Equifax Canada also retained Ms. Chantal Bernier, former interim privacy commissioner of Canada, now counsel in the global privacy and cybersecurity group at Dentons. We wanted to meet the highest level of compliance in breach response and transparency with Canadians and regulators alike. While the independent cybersecurity firm worked to complete its investigation and provide Equifax Canada with details of impacted Canadians, we started to implement our plan to notify and assist all impacted Canadians.
We also updated our Canadian consumer website, Equifax.ca, to make it clear to all Canadians where they could go for answers. Additionally, we hired more personnel to staff our Canadian call centre, increased our call centre hours, and established a dedicated breach email address.
Then on September 19, Equifax Canada issued a news release to share the preliminary details we had received about the nature of the impact to Canadians as well as what the investigation had uncovered to date.
On October 2, Equifax U.S. issued a news release with updates, including the fact that approximately 8,000 Canadian consumers were impacted by the breach as well as an additional undetermined number of Canadians whose credit cards were compromised. Later that week, Equifax Canada received the data file containing information on the 8,000 individuals from Equifax U.S., and we reviewed it in order to construct a breach notification mailing list. We started to mail consumer notification letters in both official languages to impacted Canadians on October 13.
The notification letters informed consumers of three key facts: first, that their data had been compromised; second, which specific personal information elements were compromised; and third, it outlined the details on how to activate their free 12-month subscription to Equifax Canada credit monitoring and identity theft protection.
On November 10, Equifax determined that the number of Canadians with compromised credit cards in addition to other personal information was approximately 11,000, bringing the total number of impacted consumers in Canada to approximately 19,000. The additional 11,000 consumers have been notified by mail. Throughout this process, we continued to keep our regulators apprised and updated our Canadian consumer website regularly to include new information.
What are we doing to protect impacted Canadians? Like our parent company in the U.S., Equifax Canada is extending a full range of protection to impacted Canadians free of charge for 12 months. This protection includes daily credit monitoring with alerts informing consumers of key changes to their Equifax credit report. Second, we’re offering daily access to their Equifax credit report and score. Third is Internet scanning with alerts, so if we find their SIN or credit card numbers being used on suspicious websites, we can also alert consumers. Fourth, we're offering up to $50,000 of identity theft insurance to assist affected consumers with out-of-pocket expenses.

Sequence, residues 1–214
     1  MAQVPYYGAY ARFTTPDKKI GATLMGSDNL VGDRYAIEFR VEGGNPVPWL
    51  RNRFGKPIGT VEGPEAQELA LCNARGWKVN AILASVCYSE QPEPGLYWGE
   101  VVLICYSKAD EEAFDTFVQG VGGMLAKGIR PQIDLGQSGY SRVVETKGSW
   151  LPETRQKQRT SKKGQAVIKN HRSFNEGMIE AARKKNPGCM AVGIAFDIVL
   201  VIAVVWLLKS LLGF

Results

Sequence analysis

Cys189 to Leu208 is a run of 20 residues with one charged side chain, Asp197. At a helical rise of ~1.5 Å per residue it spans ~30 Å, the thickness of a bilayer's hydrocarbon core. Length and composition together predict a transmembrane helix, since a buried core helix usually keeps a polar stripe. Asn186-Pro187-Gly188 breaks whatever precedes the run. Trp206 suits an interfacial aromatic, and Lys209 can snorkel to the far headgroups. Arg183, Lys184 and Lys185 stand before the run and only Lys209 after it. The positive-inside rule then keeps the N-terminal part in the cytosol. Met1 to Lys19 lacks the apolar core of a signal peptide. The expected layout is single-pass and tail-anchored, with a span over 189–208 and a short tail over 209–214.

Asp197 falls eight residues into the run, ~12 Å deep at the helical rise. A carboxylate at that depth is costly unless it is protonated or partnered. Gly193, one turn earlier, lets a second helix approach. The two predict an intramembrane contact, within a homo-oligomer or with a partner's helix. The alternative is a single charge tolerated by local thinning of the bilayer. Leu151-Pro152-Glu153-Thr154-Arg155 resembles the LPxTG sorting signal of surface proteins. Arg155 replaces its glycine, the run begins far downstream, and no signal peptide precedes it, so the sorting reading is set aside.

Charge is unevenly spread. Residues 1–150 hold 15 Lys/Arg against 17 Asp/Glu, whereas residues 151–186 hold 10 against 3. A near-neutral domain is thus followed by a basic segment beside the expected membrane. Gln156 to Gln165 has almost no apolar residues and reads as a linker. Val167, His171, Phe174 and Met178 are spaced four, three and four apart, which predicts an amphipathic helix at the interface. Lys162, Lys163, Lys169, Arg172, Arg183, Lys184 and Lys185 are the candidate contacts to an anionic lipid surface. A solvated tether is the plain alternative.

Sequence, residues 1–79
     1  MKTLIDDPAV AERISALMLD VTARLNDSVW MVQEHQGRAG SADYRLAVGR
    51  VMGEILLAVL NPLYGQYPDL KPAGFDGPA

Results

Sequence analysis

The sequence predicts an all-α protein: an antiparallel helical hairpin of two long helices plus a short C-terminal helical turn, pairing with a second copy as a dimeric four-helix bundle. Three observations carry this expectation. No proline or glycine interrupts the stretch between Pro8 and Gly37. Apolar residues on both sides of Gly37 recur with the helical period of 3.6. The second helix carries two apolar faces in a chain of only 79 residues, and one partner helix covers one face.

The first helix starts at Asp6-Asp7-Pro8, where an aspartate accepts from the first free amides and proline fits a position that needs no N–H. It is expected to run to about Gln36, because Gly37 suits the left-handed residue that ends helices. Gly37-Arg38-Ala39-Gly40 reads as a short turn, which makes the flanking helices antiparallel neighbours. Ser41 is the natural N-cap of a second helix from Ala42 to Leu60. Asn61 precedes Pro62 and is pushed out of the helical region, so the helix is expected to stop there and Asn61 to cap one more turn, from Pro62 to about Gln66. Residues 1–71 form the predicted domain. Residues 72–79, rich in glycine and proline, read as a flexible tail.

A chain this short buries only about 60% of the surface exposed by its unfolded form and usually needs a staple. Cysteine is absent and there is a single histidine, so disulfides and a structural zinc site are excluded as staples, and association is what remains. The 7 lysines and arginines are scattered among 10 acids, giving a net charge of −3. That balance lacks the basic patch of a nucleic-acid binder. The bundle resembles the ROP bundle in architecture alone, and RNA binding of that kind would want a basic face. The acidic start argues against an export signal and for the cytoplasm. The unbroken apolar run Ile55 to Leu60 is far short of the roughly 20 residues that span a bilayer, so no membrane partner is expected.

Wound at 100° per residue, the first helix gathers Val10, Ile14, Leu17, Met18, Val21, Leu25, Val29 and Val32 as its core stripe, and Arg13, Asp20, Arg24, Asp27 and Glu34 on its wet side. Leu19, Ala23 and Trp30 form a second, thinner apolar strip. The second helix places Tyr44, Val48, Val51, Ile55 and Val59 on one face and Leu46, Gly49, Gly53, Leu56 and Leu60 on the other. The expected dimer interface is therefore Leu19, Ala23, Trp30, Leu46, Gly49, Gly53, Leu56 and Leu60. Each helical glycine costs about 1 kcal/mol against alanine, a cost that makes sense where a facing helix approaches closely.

Impacted consumers received an activation code in their notification letters, which they can use to activate the services online. Alternatively, they can call into our Canadian call centre to receive personal one-on-one assistance.
Here's what we're doing to help ensure this doesn’t happen again. As I mentioned earlier, as soon as the intrusion was discovered, our parent company, Equifax Inc, started a forensic investigation regarding the attacker activity. That investigation is now complete, and we understand what occurred and the extent of the intrusion. Equifax Inc. took steps to fix vulnerabilities, and has undertaken multiple other short-term and long-term initiatives to protect the consumer data that has been entrusted to it.
It has undertaken a revisit of its entire IT and data security practice. It is further hardening networks, changing procedures to require confirmation when software patches are applied, rolling out new vulnerability detection tools, and strengthening accountability mechanisms. It has also engaged industry experts PwC and Mandiant to assist with the global security program, including strategic remediation and transformation initiatives that will help to identify and implement solutions to strengthen our long-term data protection and cybersecurity defences.
Finally, we have committed to working proactively with the entire industry to develop solutions to the growing cybersecurity and data protection challenges we all face. We see this breach as a turning point not just for Equifax but for everyone interested in protecting personal information.